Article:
By Graham Summers, MBA
Yesterday I asked, “is the Fed about to hit the PANIC! button like the Bank of England?”
The markets certainly acted like it: stocks, Treasuries, oil, and gold erupted higher yesterday, fueled by the announcement that the Fed had scheduled an emergency meeting for 11:30AM EST.
It was only a matter of time before Fed Chair Powell would appear and tell the markets that the Fed was reintroducing Quantitative Easing (QE), just as the Bank of England (BoE) had done last week.
Except… Chair Powell didn’t appear. The Fed didn’t make any announcements of any kind except that it was updating its rule regarding debit card transactions.
Debit. Card. Transactions.
Not the reintroduction of QE. Not a slowing or potential end to rate hikes. And certainly not a Fed pivot of any kind.
This is not to say that Fed officials didn’t refrain from making any public appearances yesterday. John Williams, the President of the New York Fed (the branch in charge of market operations) gave a speech in Phoenix Arizona in which he stated:
1) Inflation is far too high.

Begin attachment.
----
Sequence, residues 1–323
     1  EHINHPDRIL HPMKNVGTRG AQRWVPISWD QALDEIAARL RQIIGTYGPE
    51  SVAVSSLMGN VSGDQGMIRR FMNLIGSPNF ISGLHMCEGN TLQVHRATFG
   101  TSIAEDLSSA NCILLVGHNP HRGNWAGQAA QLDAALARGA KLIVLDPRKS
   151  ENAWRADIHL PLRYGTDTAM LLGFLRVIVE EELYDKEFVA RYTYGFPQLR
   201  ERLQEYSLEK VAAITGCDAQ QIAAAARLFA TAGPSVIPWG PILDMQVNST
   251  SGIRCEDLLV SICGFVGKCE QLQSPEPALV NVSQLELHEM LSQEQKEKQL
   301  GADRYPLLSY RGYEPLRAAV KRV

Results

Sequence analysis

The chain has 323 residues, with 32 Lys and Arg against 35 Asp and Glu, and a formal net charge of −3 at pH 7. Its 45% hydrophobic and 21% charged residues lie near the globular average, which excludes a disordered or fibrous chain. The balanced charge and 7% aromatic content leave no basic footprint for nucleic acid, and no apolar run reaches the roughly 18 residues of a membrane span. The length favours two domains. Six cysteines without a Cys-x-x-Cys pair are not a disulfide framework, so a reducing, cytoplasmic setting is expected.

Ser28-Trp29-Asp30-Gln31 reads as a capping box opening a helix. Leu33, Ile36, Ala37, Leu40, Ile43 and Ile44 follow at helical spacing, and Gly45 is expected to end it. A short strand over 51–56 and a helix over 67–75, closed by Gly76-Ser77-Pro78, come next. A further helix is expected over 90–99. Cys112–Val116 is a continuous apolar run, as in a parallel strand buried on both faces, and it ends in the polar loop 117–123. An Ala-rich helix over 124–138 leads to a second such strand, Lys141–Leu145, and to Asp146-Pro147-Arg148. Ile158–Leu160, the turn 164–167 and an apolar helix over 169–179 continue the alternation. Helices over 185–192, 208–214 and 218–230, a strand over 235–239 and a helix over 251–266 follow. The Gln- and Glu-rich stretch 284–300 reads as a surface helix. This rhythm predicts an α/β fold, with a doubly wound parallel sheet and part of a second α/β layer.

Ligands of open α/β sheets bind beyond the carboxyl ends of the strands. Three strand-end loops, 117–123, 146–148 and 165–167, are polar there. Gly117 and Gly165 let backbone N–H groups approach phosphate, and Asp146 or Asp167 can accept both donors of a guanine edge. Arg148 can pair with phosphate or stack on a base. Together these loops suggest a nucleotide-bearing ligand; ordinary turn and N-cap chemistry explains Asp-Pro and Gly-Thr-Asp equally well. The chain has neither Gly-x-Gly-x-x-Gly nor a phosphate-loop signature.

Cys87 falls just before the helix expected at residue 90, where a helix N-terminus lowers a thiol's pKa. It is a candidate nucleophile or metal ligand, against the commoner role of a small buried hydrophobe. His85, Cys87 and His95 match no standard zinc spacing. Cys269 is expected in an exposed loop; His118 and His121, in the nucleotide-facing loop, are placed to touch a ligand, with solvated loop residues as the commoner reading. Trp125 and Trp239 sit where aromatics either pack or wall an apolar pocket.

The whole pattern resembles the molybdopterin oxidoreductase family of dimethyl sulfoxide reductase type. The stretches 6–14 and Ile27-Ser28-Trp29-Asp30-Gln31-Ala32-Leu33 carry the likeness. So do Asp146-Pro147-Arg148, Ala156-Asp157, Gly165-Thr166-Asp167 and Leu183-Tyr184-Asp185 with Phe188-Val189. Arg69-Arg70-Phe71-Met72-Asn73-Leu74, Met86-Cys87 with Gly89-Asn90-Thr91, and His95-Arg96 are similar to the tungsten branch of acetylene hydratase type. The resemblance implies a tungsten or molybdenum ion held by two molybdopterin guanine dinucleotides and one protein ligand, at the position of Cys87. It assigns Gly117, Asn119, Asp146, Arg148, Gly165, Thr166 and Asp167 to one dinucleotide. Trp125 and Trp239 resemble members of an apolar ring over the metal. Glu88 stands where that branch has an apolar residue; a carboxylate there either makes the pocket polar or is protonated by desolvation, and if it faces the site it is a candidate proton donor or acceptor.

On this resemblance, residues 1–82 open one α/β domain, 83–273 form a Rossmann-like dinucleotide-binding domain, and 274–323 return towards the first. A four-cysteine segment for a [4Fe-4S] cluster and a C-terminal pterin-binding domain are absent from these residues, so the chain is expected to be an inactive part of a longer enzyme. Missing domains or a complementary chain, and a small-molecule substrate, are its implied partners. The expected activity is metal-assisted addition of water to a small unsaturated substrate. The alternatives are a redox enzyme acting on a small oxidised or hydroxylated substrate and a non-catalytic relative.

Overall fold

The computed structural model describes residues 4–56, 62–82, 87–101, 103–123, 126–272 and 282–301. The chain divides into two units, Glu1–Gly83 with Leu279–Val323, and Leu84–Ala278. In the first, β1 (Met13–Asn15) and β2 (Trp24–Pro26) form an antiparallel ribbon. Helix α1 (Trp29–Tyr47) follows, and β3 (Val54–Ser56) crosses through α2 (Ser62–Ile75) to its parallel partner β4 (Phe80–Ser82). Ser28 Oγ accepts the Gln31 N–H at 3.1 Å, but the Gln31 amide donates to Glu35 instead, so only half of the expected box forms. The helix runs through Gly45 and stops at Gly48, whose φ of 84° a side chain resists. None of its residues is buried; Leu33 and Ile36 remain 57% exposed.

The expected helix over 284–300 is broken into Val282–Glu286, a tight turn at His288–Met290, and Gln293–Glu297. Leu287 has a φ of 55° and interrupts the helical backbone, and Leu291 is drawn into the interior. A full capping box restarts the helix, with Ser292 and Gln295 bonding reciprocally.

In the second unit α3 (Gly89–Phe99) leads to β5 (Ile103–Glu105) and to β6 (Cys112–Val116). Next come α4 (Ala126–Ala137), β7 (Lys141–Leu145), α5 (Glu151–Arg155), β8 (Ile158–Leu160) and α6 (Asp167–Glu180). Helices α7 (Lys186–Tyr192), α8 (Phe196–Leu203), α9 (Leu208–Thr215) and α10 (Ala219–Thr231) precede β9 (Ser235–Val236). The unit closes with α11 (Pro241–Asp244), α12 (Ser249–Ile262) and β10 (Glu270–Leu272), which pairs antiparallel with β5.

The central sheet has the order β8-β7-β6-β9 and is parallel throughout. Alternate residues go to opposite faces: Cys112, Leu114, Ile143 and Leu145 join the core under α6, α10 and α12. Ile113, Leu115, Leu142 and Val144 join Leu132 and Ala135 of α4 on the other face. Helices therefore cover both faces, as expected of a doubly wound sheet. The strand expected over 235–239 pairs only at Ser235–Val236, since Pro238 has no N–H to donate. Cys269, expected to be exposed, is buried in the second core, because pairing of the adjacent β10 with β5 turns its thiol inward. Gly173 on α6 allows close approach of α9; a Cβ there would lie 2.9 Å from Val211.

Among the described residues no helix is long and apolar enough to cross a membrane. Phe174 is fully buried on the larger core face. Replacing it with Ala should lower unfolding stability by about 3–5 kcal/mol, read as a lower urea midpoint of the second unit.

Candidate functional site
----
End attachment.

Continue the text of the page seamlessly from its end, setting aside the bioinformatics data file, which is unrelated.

2) Our job [cooling demand and reducing inflationary pressures] is not yet done.
3) The drop in commodities prices is “not enough” to “bring down” the “broad-based inflation” caused by goods demand as well as labor and services demand.
So… no sign of a pivot there.
If anything, the market’s action yesterday makes a Fed pivot less likely any time soon. With both Treasuries yields AND the $USD falling yesterday, rate and liquidity pressures are much lower than they were last week.
The $USD reversal in particular is a welcome relief as it allowed the British Pound and other currency that were under pressure to rally hard… But this again erases any need for the Fed to pivot.
Bottomline: the Fed will no doubt pivot at some point… but it’s not doing so now. And the market’s action has made the likelihood of a pivot MUCH lower.
So enjoy the relief rally… but don’t plan on it lasting for long. Because the Great Crisis… the one to which 2008 was a warm-up, has finally arrived.
In 2008 entire banks went bust. In 2022, entire countries will do so.
And it is inflation that triggered it!